Have you ever been in a business meeting and heard a co-worker unenthusiastically explain the reasoning behind a specific policy, process, or procedure with “we have always done it this way”? These seven infamous words that, when wielded in a professional conversation, have been viewed as an acceptable answer that allows the path of least resistance: doing nothing. Instead of the amygdala triggering the hormones for fight or flight when the threat of change is identified, it unfortunately relies on the 3rd f: freeze.
Today’s business climate is dynamic and continually morphing, and if your organization and team members are not following suit, it won’t take long to fall behind or worse. 2020 has been a year overflowing with strong resistance to forced flexibility (one of my favorite COVID Era terms), so you can understand the frustration many business leaders face when entertaining the idea of evolving their organization on a voluntary basis.
With the talent market as tight as it is, and the knowledge that your workforce would rather get a paper cut and pour lemon juice on it than transition to online timecards, the struggle for employers to avoid upsetting the apple cart is real, but is it necessary? With proper planning and guidance, we’d argue that it is not, and we’ll attempt to unpack that.
What Causes Resistance to Change?
Humans are creatures of habit, so it is in our nature to fear change. The uncertainty that change brings registers almost like an error in the brain and the ensuing involuntary threat to neurobiological needs like personal security, autonomy and control set the alarm bells ringing like the robot in Lost In Space (Danger, Will Robinson!!).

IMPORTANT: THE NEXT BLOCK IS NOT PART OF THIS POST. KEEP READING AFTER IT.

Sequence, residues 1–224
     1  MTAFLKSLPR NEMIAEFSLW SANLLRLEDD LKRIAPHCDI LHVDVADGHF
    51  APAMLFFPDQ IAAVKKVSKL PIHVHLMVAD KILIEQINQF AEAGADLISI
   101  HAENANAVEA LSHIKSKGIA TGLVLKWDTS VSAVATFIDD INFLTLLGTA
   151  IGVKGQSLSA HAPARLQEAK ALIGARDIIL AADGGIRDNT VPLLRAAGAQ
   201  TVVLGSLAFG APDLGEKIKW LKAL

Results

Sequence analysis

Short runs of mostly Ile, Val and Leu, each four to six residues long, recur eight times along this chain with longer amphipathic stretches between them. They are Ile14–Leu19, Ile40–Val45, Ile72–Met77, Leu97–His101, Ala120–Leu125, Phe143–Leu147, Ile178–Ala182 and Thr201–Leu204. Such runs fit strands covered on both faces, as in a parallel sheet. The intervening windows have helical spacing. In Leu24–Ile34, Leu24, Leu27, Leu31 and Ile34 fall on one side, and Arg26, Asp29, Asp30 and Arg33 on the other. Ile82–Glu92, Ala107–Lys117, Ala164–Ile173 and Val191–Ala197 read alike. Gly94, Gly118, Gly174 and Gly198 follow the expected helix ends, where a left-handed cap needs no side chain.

To add to that, people consciously feel that the ways they have been thinking and going about their tasks for quite some time are actually the best way to operate, and the time invested in honing these skills has led to strides in quality, time, and economical efficiencies (or has it?).
Overcoming Resistance to Change: The 3 F’s.
Now that we have addressed some of the factors that cause resistance to change, and we have conversely identified that evolution is imperative for a business to sustain, what do we do now?
Through researching this topic, I came across an equation called Gleicher’s Formula, which simply explains how to overcome (R)esistance to change by identifying (D)issatisfaction, creating a (V)ision for the future, and implementing (F)irst concrete steps to turn vision into reality or D x V x F > R. To simplify things, I’ve modified this a bit into:
(F)rustration x (F)uture Vision x (F)irst Steps > (R)esistance or F x F x F > R
Here is a common example of what we see in our business. Considering the yearly increased costs of healthcare and the complexity of our industry, it is always beneficial for business leaders to keep a pulse on market trends and test the waters for opportunities they may be missing. Yet, many companies continue to operate their health benefits program the same year after year and expect different results. They claim there is nothing they can do to change the annual cycle, but I would argue the real hesitation stems from their own aversion to change that is deep rooted in their fear of disruption in their workforce. Let’s look at an example of how to navigate considering this change.
Frustration: Why change?